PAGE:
Developing new restorative materials should avoid damage to tissue structures. This study evaluated the biocompatibility of a commercial dental glass ionomer cement (GIC) mechanically reinforced with cellulose microfibers (GIC+CM) or cellulose nanocrystals (GIC+CN) by implantation of three test specimens in subcutaneous tissue in the dorsal region of 15 Rattus norvegicus albinus rats. Each rat received one specimen of each cement, resulting in the following groups (n=15): Group GIC (Control), Group GIC+CM and Group GIC+NC. After time intervals of 7, 30 and 60 days, the animals were sacrificed and the following aspects were histologically evaluated: type of inflammatory cells, fibroblasts, blood vessels, macrophages, giant cells, type of inflammatory reaction and capsule thickness (µm). These events were scored as (-) absent, (+) light, (++) moderate and (+++) intense. The results were statistically analyzed by Kruskal-Wallis test and Mann-Whitney post test. At 7 days, Group GIC+NC showed more favorable tissue repair because quantitatively there were more fibroblasts (p=0.022), fewer macrophages (p=0.008) and mononuclear cells (p=0.033). Polymorphonuclear neutrophils and giant cells were absent in all experimental periods. At 60 days, test specimens in Group GIC+NC were surrounded by a fibrous tissue capsule with reduced thickness (26.72±2.87 µm) in comparison with Group GIC+CM (41.21±3.98 µm) (p=0.025). In general, all biomaterials showed satisfactory biocompatibility, but glass ionomer cement modified with cellulose nanocrystals showed a more advanced tissue repair.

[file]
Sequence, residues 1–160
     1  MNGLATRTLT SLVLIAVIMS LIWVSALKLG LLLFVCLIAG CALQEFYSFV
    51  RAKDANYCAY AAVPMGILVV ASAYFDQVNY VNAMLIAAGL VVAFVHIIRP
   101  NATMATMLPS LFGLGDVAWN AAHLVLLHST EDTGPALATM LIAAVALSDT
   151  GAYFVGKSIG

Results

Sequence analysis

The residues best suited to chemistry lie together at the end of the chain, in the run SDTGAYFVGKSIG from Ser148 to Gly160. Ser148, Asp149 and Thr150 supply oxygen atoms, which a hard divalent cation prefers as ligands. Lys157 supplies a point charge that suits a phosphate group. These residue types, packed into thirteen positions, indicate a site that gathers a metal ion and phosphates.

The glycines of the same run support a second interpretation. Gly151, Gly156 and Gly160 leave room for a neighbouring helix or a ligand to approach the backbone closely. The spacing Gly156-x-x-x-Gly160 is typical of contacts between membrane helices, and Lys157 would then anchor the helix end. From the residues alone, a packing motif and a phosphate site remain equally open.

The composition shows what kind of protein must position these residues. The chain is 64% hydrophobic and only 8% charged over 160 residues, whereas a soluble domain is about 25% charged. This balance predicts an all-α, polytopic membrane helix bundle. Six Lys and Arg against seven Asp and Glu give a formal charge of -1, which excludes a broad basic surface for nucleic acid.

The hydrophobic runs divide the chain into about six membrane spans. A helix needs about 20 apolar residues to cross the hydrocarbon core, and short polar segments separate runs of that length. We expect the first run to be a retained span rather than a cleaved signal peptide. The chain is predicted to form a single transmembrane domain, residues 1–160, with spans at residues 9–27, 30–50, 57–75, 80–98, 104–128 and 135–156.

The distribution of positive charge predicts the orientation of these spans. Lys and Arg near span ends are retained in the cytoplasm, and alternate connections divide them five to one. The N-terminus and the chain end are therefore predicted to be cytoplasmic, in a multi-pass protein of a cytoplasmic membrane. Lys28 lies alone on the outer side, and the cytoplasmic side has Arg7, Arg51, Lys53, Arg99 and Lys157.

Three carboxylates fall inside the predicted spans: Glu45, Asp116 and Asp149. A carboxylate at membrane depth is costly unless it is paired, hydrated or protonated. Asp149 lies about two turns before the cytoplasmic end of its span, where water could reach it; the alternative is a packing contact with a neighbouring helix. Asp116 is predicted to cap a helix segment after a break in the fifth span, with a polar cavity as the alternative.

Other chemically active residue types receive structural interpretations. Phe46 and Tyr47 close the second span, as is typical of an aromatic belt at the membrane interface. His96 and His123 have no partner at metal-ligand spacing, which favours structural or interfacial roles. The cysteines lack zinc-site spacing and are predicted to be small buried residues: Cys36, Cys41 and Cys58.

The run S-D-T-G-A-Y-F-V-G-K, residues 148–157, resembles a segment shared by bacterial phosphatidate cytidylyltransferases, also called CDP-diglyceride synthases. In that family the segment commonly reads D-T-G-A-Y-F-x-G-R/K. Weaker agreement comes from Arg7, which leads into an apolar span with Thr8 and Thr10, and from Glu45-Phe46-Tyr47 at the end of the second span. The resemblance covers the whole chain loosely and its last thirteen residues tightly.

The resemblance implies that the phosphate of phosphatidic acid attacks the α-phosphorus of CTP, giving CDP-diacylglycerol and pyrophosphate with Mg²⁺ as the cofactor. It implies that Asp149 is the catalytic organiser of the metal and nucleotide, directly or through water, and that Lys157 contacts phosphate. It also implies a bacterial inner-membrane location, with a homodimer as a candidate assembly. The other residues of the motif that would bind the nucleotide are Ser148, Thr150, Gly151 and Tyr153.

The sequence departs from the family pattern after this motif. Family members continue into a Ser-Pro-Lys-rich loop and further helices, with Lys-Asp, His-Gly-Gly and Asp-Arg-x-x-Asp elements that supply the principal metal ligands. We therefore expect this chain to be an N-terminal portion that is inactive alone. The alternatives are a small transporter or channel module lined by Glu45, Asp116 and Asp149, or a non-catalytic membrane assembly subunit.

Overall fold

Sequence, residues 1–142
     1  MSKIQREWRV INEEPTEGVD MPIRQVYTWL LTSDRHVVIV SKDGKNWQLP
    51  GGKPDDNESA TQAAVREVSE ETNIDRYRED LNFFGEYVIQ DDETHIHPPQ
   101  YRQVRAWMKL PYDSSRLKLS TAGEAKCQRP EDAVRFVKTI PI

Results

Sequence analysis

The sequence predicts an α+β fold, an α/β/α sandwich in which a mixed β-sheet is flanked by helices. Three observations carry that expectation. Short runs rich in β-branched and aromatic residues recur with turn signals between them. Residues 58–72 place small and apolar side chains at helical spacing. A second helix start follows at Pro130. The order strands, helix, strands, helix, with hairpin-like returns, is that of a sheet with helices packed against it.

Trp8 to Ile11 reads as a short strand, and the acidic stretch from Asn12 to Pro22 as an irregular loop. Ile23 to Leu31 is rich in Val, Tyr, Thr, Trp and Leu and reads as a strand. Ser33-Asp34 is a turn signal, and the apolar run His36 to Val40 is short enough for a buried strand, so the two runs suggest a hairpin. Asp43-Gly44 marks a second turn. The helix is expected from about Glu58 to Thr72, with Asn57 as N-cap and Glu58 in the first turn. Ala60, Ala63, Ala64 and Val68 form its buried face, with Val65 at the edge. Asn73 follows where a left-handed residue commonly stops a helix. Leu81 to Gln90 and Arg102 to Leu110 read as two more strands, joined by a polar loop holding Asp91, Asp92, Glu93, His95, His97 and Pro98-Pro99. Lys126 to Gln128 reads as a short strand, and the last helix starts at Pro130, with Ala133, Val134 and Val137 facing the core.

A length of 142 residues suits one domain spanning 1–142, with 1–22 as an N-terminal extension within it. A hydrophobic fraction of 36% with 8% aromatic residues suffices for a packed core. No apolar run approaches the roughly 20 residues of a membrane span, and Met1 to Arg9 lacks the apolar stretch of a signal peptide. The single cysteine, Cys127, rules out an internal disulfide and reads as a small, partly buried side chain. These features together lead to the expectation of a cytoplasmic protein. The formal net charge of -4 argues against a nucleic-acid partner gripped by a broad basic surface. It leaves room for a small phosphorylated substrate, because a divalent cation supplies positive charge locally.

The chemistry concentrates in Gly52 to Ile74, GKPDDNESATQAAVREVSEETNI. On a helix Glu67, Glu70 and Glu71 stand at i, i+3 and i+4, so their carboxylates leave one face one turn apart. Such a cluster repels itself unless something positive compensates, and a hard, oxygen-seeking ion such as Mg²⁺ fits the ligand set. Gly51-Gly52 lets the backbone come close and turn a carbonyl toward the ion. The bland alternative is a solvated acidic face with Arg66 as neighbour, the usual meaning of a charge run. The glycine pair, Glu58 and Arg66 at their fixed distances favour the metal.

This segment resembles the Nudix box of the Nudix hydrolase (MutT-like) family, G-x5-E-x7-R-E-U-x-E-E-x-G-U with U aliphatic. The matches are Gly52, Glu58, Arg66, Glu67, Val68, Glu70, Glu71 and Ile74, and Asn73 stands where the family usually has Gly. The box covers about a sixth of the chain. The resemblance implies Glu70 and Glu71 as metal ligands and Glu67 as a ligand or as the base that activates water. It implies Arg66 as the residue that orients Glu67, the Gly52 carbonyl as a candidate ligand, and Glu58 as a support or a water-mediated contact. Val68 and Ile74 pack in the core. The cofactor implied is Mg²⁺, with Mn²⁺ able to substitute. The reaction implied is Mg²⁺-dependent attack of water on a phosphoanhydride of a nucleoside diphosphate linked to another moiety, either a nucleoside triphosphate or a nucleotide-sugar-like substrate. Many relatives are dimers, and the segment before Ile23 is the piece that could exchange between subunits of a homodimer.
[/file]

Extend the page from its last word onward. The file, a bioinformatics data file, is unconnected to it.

Subject(s)
Animals , Rats , Biocompatible Materials , Cellulose/chemistry , Nanoparticles/chemistry , Glass Ionomer Cements/chemistry
19.
Rev. ADM ; 74(2): 79-89, mar.-abr. 2017. ilus
Article in Spanish | LILACS | ID: biblio-869358

ABSTRACT